The same Holy Spirit also breathes life into various lay apostolates of the Church—the youth, SCCs, Legion of Mary and other parish Cells and Associations. Like the Apostles, who kept the flame of faith alive, we must never allow the fire of the Holy Spirit to diminish, while remaining attentive to His prompting. The prime focus of mission is sharing Jesus with others. Sometimes, like the Apostles, we too will be challenged by internal and external forces. And when faced with such situations, our response should be one of love and what Christ expects of us. It is the Holy Spirit who will sustain and encourage us through these events. When such challenges plague the Church, we as members must always seek solace from the wisdom of the Holy Spirit on how to rise above each situation. And just as before the first Pentecost, Mother Mary played a key role in interceding for the Apostles, she will, even today, continue to play a significant role and intercede for the Church, as the mission of her Son is carried forward.

Sometimes, in our eagerness to serve the Church, we may hurt others by allowing spiritual pride to creep into our service. When this happens, we create divisions in the Church; perhaps even causing members to leave the Church, thus grieving the Holy Spirit. Therefore, aware of our limitations and shortcomings, we should nonetheless encourage everyone to become active members of the Church, calling upon the 'Spirit of Unity'. If there are some who refuse to participate because of past hurts, it is our responsibility to reach out and try to bring about healing through love.

Pope Francis beautifully explains the Church's mission as that "which she carries out through a precise way of life…by faith in the Lord and the observance of His Word; docility to the action of the Spirit, who continually makes the Risen Lord alive and present; the acceptance of His peace and the witness born of Him through an attitude of openness and encounter with others... The Church cannot remain stationary, but relies on the active participation of each baptised person... to act as a community on a journey, animated and sustained by the light and power of the Holy Spirit who makes all things new."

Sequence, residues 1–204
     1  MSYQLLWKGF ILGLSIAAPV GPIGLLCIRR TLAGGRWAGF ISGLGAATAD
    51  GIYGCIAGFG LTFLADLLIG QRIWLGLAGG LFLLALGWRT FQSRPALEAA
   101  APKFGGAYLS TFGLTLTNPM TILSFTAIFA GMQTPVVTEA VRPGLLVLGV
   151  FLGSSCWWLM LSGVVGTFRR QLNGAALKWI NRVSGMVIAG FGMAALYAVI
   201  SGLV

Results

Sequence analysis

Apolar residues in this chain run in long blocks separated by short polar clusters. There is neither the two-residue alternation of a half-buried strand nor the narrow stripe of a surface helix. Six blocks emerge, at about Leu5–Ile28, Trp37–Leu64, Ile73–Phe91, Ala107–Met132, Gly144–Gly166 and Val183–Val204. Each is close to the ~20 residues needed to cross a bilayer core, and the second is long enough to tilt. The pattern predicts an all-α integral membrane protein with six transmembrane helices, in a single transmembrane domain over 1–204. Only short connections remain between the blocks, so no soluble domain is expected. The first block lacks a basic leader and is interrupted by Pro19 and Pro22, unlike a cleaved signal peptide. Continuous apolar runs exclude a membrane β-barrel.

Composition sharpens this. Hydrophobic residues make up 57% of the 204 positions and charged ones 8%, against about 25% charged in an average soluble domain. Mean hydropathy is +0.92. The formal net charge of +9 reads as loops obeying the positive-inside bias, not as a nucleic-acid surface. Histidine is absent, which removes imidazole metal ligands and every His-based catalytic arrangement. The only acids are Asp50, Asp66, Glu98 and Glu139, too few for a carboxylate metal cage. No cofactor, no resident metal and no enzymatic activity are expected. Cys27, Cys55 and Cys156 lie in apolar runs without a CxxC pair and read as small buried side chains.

The Holy Father also advises that we are called to free ourselves from our views, strategies, and objectives which often impede the journey of faith. "It is the Spirit of God who guides us and guides the Church, so that her authentic face, beautiful and luminous, willed by Christ, may shine forth."

Bishop Barthol Barretto, Auxiliary Bishop of Bombay

Ascension - An Affirmation and Assurance

Fr Anthony Charanghat

Our belief in the mystery of the Ascension of the Lord is affirmed in all the creeds of the Church as "He ascended into heaven and is seated at the right hand of the Father." Luke's narrative of Jesus 'being lifted up on a cloud out of sight' to describe His physical absence in our parlance may appear that He is unreachable. However, in biblical idiom, the message of this pivotal event in Easter underlines the closeness of the new kind of glorified presence of Jesus and its salvific significance for humanity.

First, the Ascension is an affirmation about Jesus returning to the Father's glory. He belongs entirely to God. He is no longer subject to the principalities or powers of the world, of corruption and death that conditions the various situations of life. Secondly, it is an assurance that He, the Eternal Son, has led our human existence into God's presence, taking with Him flesh and blood in a transfigured form.

The Ascension of Jesus in this context becomes a celebration of the extraordinary fact that our humanity, in all its variety, in all its vulnerability, has been taken by Jesus into the heart of the divine life. This is the good news of the Ascension – the stained, wounded, imprisoned in various ways of the human race are still capable of being embraced by God, shot through with God's glory, received and welcomed in Christ.

In the Ascension account of both Acts and the Gospel of Luke, Jesus also speaks to us of the promise of the Father that is going to descend on the world when He goes. He is speaking of the way in which the gift of the Holy Spirit of God enables us in our mission not only to be a new kind of being, but to see human beings afresh, and to hear them differently. A Spirit-filled life will help us participate in His saving mission, which He commissions us, His disciples, to continue, even as He ascends to His Father.